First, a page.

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Structure of this paper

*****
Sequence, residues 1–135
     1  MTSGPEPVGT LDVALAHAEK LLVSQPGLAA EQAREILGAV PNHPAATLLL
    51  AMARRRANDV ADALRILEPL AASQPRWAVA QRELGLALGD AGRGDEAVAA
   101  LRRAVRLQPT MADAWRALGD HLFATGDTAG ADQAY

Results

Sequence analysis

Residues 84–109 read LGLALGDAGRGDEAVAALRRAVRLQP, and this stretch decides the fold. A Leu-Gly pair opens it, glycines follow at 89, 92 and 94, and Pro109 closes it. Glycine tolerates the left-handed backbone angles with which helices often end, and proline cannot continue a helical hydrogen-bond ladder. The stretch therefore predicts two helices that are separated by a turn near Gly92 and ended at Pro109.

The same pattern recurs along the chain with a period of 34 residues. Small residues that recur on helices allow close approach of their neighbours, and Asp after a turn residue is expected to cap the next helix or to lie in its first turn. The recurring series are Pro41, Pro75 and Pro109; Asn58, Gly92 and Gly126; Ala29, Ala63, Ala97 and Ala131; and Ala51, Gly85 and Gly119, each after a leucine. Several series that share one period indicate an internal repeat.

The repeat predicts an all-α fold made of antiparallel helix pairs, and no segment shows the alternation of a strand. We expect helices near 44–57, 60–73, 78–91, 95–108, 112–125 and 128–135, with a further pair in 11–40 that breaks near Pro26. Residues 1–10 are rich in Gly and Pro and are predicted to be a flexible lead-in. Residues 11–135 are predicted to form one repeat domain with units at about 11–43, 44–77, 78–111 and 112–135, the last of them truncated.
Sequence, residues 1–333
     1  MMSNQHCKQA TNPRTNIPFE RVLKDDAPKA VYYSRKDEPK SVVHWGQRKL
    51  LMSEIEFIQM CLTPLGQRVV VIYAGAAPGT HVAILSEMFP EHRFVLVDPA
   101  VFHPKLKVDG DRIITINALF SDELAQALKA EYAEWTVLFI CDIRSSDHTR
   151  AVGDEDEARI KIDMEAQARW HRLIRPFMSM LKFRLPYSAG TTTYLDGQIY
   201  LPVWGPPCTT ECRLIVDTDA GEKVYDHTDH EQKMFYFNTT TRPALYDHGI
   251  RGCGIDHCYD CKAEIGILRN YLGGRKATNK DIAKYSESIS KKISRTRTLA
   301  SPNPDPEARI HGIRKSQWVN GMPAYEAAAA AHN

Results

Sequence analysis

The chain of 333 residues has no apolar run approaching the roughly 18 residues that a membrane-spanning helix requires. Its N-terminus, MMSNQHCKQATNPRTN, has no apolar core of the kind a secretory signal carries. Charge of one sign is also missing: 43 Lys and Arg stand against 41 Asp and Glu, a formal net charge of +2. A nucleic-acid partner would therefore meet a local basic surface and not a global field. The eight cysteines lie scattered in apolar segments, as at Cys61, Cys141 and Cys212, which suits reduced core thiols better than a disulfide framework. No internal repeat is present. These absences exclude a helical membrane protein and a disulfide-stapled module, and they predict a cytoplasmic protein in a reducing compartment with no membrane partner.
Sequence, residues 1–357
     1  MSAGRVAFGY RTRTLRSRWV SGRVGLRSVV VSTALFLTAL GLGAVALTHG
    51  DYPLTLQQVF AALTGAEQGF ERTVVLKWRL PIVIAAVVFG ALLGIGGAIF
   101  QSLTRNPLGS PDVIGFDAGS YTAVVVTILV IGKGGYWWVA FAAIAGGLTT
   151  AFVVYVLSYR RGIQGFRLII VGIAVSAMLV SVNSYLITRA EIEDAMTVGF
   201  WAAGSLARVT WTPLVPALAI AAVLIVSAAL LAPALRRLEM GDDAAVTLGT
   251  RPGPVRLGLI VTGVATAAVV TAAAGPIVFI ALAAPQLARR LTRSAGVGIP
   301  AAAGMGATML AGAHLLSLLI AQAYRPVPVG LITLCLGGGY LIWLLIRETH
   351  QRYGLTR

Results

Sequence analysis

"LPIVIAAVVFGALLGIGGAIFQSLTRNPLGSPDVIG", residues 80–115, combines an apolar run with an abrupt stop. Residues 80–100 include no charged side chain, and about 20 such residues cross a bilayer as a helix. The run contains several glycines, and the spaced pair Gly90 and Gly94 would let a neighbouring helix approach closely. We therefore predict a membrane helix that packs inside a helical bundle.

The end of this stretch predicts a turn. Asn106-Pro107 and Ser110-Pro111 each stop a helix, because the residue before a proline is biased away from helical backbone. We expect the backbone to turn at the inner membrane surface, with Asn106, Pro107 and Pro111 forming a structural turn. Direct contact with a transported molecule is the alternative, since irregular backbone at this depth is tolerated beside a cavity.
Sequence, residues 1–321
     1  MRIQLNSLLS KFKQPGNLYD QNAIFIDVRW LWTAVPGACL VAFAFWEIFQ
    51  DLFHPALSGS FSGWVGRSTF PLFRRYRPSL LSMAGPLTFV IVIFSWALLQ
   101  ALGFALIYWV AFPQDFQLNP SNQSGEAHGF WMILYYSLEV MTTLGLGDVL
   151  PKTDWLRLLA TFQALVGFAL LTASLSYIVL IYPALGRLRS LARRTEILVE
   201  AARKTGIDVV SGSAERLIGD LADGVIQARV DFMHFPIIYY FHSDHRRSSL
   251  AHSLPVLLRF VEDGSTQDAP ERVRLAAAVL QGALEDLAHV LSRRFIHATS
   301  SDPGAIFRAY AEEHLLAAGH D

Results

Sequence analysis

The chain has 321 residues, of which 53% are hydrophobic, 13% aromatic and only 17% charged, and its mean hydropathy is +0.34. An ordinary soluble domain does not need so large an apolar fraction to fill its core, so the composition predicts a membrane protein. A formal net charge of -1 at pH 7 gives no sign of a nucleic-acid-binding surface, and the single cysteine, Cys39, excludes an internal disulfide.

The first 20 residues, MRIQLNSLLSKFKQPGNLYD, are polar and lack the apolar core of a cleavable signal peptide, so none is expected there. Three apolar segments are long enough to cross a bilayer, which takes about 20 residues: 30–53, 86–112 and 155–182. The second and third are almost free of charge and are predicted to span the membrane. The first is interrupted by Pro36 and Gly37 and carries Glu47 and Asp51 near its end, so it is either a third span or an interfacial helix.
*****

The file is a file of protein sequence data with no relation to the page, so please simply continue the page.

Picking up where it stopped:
It is our goal here to explore the role of subversive counter-examples in thought experimentation and humour. We begin by considering the structure of thought experiments in section two, where we elaborate on Gendler’s (1998, 2000) notion of an exceptional case and consider how one might be constructed for a given theory. Gendler sees such cases as both appropriate examples of a theory and surprising counter-examples of that theory, insofar as these cases plainly belong to the theory’s domain of application yet produce conclusions that are incongruous relative the claims of the theory. As such, these appropriate counter-examples exhibit what Oring (2003) terms the “appropriate incongruity” that he claims is the very motor of humour. In section three we explore the mechanics of subversion via appropriate counter-examples in verbal humour, and demonstrate how exceptional cases can be constructed from the raw lexico- conceptual components of conventional linguistic constructions. We also briefly describe a particular genre of humour called ‘trumping’ whose form more clearly echoes the adversarial dialogue that lies at the heart of thought experiments. In section four we look to inter-personal considerations in both jokes and thought experiments to better understand why humour arises from some exceptional cases and not others. In section five we offer a case study of a particular linguistic form, the stereotypical simile, to see how (and how often) commonplace stereotypical associations are subverted by exceptional cases. Finally, we conclude in section six with a consideration of the implications of this synthesis of thought experiments and humour.

 
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